Back to the home of the narrow-headed ant. The infamous Highland Clearances left the Scottish highlands one of the most sparsely populated places in Europe, so driving through Rannoch Moor (outside of the tourist season) often does feel like you’re driving through a desert, albeit a wet one. I started to assimilate knowledge of the Scottish highlands gradually over the course of many trips, but fairly early on it struck me that this landscape was an ethereal, craggy, outlandish and alien environment somewhat at odds with the commonplace effervescent descriptors used to tempt tourists in. “Breathtaking, jaw-dropping, stunning”…….aye maybe, but it’s also quite sinister in many ways. If you head out to Ardnamurchan lighthouse you could trick yourself into thinking you’re in a scene from an Andrei Tarkovsky movie. Driving through Glen Coe at night is like floating through deep space, and walking amongst the enormous sand dunes at Camusdarach is an equally sci-fi experience. The highlands of Scotland are eerie and, truth be told, I find the whole place a bit disquieting.
A few years ago I got turfed out of my rented Edinburgh flat because the landlord wanted to move in. I had some money for the first time in my life because I’d fallen in with a whisky company who commissioned me to make some music and art for them. In a state of chaos and spooked at the thought of my impending homelessness, I set my sights for the highlands and I panic-bought a wrecked old school. It sounds a bit far-fetched, but it really was a panic-buy. I found this remote, rural school – wrote a half-hearted letter to the local council with a cheeky offer on it and told them I wanted to turn it into a studio rather than knock it down. They accepted & the sale went through rapidly without allowing me much of a chance to reconsider my options. Oh well. All of a sudden I found myself living in a leaky old school with no running water, electricity, or heating and some seriously spooky kid’s paintings on the wall. The place looked like it had been abandoned hastily because of some catastrophic Chernobyl-esque disaster. Cold, wet, dirty, creepy & impractical …. I started to wonder if the local council was just waiting for a chump like me to come along.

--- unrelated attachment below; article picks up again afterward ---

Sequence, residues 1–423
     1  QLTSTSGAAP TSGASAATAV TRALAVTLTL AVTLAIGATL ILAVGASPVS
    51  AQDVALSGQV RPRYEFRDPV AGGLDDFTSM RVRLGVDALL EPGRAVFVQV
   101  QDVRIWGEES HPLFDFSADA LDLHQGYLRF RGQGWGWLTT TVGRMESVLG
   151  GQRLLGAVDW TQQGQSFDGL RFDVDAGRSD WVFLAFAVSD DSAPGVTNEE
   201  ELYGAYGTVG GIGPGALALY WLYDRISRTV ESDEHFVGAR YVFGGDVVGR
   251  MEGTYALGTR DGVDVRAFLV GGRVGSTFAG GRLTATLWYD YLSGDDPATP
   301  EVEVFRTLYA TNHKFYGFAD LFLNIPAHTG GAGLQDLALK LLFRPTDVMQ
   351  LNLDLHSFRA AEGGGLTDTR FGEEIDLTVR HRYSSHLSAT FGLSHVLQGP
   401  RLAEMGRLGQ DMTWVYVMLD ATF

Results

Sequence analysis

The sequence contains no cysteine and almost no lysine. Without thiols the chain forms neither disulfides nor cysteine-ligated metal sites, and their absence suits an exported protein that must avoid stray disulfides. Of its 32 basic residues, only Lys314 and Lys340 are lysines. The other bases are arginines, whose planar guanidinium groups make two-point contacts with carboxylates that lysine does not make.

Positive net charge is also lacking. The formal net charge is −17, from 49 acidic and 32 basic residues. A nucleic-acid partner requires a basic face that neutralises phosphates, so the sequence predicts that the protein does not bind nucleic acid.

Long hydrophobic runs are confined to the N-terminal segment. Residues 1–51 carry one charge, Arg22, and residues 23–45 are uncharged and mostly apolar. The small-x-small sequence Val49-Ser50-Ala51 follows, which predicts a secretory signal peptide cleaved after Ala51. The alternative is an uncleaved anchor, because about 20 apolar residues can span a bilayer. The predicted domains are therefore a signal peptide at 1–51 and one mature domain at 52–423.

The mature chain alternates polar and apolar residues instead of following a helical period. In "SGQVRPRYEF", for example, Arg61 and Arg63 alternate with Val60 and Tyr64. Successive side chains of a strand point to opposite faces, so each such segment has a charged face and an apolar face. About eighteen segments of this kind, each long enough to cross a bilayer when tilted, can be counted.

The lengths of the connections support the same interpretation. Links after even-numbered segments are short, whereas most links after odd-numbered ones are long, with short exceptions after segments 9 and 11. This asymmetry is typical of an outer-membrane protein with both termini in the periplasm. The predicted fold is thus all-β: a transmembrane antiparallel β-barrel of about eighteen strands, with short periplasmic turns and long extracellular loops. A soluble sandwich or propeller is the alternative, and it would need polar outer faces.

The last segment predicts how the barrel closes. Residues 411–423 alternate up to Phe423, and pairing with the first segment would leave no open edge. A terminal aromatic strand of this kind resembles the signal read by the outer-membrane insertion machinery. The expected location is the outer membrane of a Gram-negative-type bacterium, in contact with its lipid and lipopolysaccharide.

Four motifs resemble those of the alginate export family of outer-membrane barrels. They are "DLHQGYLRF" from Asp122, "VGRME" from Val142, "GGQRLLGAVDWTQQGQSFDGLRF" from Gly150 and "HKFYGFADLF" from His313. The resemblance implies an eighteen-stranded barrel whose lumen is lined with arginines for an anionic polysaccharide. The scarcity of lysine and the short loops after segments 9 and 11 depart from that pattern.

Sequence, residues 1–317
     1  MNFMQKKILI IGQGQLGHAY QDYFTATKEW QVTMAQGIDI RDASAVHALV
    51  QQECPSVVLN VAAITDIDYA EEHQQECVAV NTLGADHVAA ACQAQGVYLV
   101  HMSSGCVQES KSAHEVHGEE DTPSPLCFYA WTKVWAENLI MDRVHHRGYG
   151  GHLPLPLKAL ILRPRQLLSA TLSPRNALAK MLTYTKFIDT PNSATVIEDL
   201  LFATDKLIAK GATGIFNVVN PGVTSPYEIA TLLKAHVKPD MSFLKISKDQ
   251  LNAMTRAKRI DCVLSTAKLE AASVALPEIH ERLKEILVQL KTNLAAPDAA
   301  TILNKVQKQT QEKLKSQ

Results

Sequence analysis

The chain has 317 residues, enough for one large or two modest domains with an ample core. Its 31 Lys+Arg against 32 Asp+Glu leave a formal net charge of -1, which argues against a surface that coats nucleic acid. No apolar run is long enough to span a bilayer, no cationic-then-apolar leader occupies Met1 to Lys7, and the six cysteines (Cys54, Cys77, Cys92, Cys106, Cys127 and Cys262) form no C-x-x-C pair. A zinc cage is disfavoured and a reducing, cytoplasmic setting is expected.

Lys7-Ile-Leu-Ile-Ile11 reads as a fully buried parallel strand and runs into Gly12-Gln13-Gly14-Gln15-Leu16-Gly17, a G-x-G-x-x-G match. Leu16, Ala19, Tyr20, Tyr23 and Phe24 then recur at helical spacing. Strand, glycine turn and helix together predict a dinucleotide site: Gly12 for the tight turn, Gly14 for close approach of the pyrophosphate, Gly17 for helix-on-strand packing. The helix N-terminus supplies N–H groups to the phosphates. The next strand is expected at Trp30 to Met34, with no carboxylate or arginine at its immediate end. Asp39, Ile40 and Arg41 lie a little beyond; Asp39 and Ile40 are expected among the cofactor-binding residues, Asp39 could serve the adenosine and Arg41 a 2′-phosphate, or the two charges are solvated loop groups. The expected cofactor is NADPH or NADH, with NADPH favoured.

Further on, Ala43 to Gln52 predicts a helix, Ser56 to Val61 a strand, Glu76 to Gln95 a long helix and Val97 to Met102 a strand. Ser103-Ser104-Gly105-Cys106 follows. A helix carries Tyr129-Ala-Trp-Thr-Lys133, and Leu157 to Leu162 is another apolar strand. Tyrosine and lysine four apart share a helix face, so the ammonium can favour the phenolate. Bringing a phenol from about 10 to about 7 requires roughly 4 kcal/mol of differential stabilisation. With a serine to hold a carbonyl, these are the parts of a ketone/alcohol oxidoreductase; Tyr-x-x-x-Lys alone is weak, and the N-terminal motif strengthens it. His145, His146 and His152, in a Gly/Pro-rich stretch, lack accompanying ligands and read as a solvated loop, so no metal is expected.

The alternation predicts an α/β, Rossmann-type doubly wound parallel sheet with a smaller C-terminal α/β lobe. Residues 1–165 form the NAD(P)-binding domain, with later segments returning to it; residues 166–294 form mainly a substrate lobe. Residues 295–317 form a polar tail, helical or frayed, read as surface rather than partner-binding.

Not long after moving in I set up my recording equipment making sure it wasn’t going to get ruined by the leaky roof and began recording. I’d been messing about with some Takoma Records inspired acoustic guitar pieces while I waited for the electricity to be turned on in the school. They had morphed into songs, sparse and eerie like my new Highland environment and the lyrics charted my move north and described the landscape around me. I recorded each song in three takes. I remember having to do three takes as there was a tractor going back and forth outside.